Yup! I flew alllll the way to Washington for this!
You know when you just KNOW something is a good fit? Like when you're rug shopping and you have to scroll through 247 rugs because "you'll know it when you see it."
I was first introduced to Melissa's work when she was a guest on my favorite photography podcast in the fall. Per usual, I started following her work on instagram and just couldn't stop wanting to pin every.single.image. to my moodboard. The way she lights - the simplicity in her work. I could tell she was unique in her approach and I just had to meet her and know all the things. And what better way than to fly out and use this as a business write-off?
So I contacted her through her website - she promptly responded with setting up a zoom call to 'meet' me. We chatted for an hour and she really took the time to just listen to me yap and hear what I wanted out of the experience. After a brief time considering involving my family, I ultimately came to the conclusion that I wanted this to be all about ME. So I booked ONE plane ticket to Seattle, a ONE bedroom apartment for a couple nights, and a rental car. My first time ever traveling solo.
TRAVELING ALONE IS so liberating!
There's no one timetable to keep track of except mine. I can eat/sleep/pee when I want. I can stream whatever I want to watch.
my favorite thing was just driving around the beautiful residential areas
I LOVE the Pacific Northwest and it wasn't my first time in the area. I find the climate very agreeable, the architecture charming, and the overall vibe electric and peaceful at the same time. I flew into Seattle and made my 45 minute drive to Tacoma, specifically an area by the water called Ruston. I rented this adorable little 1 bedroom apartment for cheap on VRBO and stayed 2 nights.
On my quick trip I:
- got a pedicure
- went shopping
- ate awesome food
- went to a movie by myself
- had my photoshoot on Wednesday morning
Tales from the other side
After this experience I feel it's important for one to be photographed by as many different professional photographers as possible.
Because professional photographers (good ones, anyway) get to know their sitter's personalities and are quick to figure it out.
They know how to light. (how a subject is lit determines the overall mood of a photo)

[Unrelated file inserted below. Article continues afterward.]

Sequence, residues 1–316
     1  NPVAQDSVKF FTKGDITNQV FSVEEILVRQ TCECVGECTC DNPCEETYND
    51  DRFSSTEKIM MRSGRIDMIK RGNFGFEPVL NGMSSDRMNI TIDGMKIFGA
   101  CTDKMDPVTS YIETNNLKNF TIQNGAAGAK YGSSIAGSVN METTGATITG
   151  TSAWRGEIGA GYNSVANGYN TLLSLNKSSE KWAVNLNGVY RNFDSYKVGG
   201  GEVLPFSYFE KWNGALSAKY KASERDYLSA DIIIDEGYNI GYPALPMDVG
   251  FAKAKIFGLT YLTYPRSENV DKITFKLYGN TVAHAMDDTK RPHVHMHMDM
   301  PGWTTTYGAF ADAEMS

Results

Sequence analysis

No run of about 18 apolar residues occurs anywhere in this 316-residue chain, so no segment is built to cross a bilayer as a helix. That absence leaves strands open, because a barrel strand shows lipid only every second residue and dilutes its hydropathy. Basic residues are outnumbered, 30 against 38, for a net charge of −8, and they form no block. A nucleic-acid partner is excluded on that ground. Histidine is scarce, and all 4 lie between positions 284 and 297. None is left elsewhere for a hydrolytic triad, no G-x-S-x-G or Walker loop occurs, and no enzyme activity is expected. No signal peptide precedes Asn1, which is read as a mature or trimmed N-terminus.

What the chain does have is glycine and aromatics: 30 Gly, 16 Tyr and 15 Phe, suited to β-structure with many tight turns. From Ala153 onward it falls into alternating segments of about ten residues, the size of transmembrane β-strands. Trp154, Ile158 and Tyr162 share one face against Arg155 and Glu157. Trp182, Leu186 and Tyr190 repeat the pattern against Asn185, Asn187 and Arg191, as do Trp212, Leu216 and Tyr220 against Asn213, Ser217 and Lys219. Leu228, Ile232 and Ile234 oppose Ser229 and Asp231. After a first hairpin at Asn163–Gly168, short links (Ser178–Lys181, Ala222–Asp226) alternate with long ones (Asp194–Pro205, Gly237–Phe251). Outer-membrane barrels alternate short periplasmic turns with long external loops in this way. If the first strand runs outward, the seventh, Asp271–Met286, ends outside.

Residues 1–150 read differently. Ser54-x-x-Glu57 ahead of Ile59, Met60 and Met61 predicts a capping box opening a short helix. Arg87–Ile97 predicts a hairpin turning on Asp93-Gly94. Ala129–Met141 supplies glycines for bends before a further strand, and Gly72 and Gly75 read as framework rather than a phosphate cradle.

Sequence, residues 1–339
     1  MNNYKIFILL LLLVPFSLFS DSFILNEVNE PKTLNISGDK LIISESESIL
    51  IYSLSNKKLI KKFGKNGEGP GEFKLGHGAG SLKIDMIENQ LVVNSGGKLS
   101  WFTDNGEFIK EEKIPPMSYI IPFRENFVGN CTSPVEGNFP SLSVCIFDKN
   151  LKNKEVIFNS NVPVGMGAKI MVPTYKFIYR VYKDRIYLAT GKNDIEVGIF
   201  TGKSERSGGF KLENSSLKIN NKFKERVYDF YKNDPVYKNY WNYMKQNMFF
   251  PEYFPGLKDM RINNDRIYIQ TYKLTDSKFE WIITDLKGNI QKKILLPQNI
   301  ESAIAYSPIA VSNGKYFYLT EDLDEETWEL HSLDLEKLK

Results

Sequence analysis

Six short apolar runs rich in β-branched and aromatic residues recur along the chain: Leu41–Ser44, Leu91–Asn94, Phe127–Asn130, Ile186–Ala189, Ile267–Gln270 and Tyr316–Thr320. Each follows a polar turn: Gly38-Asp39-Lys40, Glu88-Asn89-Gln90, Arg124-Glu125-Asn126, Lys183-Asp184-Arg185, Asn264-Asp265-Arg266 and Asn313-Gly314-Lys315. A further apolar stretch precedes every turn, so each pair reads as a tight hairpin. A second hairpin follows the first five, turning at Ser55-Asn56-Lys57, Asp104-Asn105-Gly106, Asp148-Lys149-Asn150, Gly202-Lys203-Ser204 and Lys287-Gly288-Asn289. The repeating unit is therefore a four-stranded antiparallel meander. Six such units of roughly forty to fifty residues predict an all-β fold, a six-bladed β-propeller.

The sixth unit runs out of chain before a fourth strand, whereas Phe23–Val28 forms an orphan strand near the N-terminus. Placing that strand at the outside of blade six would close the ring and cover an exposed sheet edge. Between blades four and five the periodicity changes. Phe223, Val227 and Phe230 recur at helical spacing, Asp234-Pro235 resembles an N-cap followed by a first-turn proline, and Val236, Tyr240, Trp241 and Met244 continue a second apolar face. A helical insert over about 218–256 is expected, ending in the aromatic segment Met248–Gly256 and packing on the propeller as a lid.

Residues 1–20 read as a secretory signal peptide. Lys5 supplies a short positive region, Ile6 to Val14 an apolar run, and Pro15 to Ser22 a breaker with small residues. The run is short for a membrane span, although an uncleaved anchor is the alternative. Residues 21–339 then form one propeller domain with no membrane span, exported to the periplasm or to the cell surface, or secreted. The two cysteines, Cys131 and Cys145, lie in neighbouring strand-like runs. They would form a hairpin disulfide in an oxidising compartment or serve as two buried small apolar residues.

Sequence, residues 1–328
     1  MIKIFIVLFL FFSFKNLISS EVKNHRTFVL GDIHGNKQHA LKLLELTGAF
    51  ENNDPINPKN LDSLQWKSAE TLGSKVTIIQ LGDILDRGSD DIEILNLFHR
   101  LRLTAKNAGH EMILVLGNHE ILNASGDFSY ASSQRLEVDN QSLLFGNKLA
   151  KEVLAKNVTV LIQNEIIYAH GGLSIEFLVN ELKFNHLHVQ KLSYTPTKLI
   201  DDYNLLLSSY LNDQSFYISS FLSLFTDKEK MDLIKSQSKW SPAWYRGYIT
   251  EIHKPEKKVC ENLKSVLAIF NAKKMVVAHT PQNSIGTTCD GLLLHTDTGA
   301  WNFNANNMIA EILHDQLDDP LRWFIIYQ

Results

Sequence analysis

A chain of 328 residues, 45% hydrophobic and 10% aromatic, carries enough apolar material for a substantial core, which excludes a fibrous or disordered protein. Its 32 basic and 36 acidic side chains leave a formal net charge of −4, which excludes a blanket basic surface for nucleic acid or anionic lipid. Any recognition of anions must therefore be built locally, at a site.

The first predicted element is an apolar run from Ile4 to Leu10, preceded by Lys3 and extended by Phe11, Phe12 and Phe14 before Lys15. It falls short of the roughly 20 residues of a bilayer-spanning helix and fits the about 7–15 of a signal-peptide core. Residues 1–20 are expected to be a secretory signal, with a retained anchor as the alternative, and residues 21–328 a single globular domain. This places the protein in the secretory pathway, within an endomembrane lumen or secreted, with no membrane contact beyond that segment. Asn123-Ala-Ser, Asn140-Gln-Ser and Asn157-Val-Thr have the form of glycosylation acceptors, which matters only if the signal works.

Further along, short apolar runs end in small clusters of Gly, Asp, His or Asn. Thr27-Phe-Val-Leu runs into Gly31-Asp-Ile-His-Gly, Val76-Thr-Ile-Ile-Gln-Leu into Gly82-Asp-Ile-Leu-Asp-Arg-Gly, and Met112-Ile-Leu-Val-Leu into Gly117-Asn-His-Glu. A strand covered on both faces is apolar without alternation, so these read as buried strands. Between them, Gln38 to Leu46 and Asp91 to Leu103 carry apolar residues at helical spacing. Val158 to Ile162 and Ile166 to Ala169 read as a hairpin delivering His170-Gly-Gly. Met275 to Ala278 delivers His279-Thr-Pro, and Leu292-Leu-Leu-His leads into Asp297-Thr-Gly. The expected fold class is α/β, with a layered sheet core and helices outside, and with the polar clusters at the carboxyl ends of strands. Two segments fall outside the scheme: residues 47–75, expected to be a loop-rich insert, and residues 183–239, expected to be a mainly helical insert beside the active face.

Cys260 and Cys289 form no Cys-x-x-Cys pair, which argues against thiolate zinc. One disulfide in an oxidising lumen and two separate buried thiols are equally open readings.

They know how to pose. (they are your mirror and know your best angles)
and last and most important thing...
THEY KNOW HOW TO DIRECT.
More on this in a minute.
Going back to why you should diversify who takes your portrait: all pro photographers have their own, unique style. Specifically in lighting and posing. But it's the get-to-know-you bit that stands out. There's the YOU you see in the mirror and then theirs literally thousands and thousands of other mirrors (psstttt people) who see you. It's the truth, whether it's someone you pass in the street who could only judge you based on your outside appearance to your best friend that knows everything about you. And if you were to hand any one of those people a camera and ask them to take your portrait, they would give a million different images, just based on what they know or do not know about you.
Back to giving good direction. THIS IS CRUCIAL.
I mean, how many times have you had your photo taken and you didn't know what to do with your damn hands?!
I'm guessing every time.
This portrait experience was the first time I was ever directed by someone other than myself.
At first, it's reassuring. You develop a trust with your photographer that you'll look gooooood.
Then something surprising happens. As the subject, you become locked in. They become your puppet master. They don't ask you to move, they TELL you. It is a command. And you obey.
They tell you to rotate, you rotate.
They tell you to slide your chin, you slide your chin.
They tell you to jump, you ask how high?
When your photographer finds their stride with their direction, you then begin to feel empowered. Which sounds bizarre. And in the end you are drunk with all the power and feel like you can do anything.
A sneak peak...
I love how happy I am and the simplicity of the black and white.